Online grocer Webvan Group Inc has plugged the plug on its remaining Internet operations after a significant second quarter slowdown and revealed that it intends to file for protection under Chapter 11 of the US Bankruptcy Code.

Launched in 1999 during the height of online optimism, and with about US$800m in funds from venture capitalists and Wall Street, Webvan offered a whirl of revolutionary promises. At one point, the e-tailer served markets in Chicago; Los Angeles; Orange County, California; Portland, Oregon; San Diego; San Francisco Bay and Seattle.

The reluctance of US consumers to abandon their bricks and mortar supermarkets in favour of home delivery was deeper rooted than the company thought however, and CEO Robert Swan said that there are no plans to resume operations.

Reading from prepared remarks, Swan commented: “We have made the difficult decision to end all operations effective immediately and to wind down the company’s operations and sell our assets in an orderly manner.”

Second quarter slowdown

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The drop in order volume during the second quarter has been blamed as the catalyst for the decision to shut up shop, which was made during a board meeting on Friday. Swan notes that the number of orders had “declined considerably”, accelerating Webvan’s need for capital. “At the end of the day,” he mused, “the clock has run out on us.” Almost all of the US$1.2bn put up by investors has been spent and the group’s investment banker Goldman, Sachs reportedly told directors that it was unable to find further investors.

Meanwhile spending cutbacks in marketing departments and last year’s merger with Seattle-based competitor HomeGrocer were not helping to control the sales figures as they continued their downwards spiral.

Swan focused on the achievements of the company. “Webvan has weathered numerous challenges,” he said: “We’ve made significant progress in reducing our operating losses and burn rate, as well as improving the economics on each order we delivered.” But the crux of the matter is that Webvan never came close to solvency. Webvan’s founder Louis Borders had promised to become profitable in every market after a 15-month set up period, but in reality none of the company’s sites turned a profit.

For the first quarter of this year, ending 31 March, Webvan posted a loss of US$217m (€256.1m) on sales of US$77.2m. In April, the grocer closed its Atlanta operations and cut back on 30% of its work force. In its most recent quarterly filing with the US Securities and Exchange Commission (SEC) liabilities listed as of 31 March totalled US$96.5m.

In November 1999, Webvan was publicly traded on the stock market for the first time, and it hit the ground running. Just four months after its first groceries had been delivered; its public offering valued the company at US$7.5bn. Shortly after the IPO, some of the savviest investors were parting with US$34 for a share in the innovative grocer. In stark contrast Webvan’s shares have languished below US$1 throughout this year. Trading was halted yesterday [Monday] and Webvan now expects its common stock to be delisted from the Nasdaq Stock Market.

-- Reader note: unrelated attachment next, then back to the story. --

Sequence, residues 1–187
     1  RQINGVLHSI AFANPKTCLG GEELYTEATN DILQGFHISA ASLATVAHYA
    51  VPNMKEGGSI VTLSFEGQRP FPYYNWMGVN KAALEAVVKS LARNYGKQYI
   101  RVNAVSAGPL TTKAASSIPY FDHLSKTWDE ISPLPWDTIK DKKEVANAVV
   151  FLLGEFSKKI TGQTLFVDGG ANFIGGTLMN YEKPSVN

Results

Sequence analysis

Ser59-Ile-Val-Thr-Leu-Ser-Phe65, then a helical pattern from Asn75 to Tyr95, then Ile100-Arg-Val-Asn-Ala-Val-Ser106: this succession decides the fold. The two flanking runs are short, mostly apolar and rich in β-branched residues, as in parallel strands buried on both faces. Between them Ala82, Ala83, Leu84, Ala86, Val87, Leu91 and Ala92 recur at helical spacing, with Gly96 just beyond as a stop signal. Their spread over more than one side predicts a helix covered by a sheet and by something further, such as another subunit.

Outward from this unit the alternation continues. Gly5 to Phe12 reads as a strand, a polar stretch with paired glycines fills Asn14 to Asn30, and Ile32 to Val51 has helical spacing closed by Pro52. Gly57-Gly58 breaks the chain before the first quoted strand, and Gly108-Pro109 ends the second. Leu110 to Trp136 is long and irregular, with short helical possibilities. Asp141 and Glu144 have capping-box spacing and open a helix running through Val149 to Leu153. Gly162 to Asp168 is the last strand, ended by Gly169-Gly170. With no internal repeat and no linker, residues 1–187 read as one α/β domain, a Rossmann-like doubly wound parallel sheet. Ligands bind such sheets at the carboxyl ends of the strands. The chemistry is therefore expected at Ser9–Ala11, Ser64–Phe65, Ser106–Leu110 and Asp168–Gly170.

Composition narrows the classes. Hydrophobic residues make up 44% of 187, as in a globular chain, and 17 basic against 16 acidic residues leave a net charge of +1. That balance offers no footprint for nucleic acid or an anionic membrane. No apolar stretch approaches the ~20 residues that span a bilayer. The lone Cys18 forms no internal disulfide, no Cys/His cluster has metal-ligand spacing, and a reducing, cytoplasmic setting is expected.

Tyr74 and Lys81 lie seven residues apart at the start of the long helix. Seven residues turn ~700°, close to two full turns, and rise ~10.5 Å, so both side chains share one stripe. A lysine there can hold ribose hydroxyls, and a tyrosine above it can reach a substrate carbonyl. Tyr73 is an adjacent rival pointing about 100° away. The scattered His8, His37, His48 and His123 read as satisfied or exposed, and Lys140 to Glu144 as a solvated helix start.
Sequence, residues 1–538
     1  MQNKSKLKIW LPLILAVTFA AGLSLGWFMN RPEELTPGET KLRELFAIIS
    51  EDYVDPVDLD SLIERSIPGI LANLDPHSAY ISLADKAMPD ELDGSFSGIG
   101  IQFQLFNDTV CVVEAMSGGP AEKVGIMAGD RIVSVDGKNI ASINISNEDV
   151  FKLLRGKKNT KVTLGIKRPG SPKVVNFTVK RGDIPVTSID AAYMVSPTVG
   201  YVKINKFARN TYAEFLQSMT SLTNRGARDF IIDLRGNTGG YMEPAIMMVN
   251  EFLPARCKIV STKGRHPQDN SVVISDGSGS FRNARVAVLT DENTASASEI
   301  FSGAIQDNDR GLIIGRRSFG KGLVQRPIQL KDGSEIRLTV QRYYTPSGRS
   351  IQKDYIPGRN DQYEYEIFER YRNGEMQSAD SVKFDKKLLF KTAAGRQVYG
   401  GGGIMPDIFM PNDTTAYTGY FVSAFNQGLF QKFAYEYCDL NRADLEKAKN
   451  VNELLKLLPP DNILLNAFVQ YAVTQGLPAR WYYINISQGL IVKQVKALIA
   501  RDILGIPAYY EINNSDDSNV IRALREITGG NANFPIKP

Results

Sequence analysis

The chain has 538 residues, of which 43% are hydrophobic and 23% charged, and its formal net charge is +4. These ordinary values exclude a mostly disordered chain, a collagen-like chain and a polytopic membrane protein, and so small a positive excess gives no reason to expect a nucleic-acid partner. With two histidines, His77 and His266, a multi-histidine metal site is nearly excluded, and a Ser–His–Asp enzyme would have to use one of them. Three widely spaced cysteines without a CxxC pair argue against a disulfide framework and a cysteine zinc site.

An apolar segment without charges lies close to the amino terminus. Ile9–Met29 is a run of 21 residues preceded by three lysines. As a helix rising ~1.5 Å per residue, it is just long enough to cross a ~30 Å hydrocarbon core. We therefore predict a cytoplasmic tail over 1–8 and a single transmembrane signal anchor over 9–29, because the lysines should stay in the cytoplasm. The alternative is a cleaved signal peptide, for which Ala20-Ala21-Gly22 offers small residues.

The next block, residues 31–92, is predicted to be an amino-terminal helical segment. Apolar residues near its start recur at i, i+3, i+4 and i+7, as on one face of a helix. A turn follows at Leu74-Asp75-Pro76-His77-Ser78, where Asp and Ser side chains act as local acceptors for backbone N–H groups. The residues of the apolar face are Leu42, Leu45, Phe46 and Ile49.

Workforce woe

Webvan can now claim the dubious honour of being the largest loser in the dotcom world, both in terms of financial losses and the number of redundancies among its workforce.
The closure will lead to the loss of about 2,000 jobs. An anonymous benefactor has put up US$1.35m to give every hourly employee a leaving “gift”, but while Webvan workers will be paid through to last Sunday, there is not enough money left for official severance packages.

Those consumers who have placed orders recently will not be receiving their goods. The perishable items have been donated to food banks, the remainder will be returned to the manufacturers. The company also revealed that the 1-for-25 reverse stock split recently approved by its stockholders would not be implemented.

E-grocery glitch?

Filing for protection under Chapter 11 is a common move among companies that need some space to reorganise their operations. It keeps the creditor wolves away from the door and lets the company stay in business. There can be little doubt that for Webvan however it is the final recognition that in the current climate the ambitious aspects of its e-grocer business model simply cannot compete against the traditional, low margin supermarkets.

For companies such as Peapod and Safeway still competing in the Internet field, Webvan offers a cautionary tale. Not least, it seems, in the warning that e-grocers must appreciate that their overarching focus must be not to create and cater for a mass e-market but to carve out a successful niche.

By Clare Harman, editorial team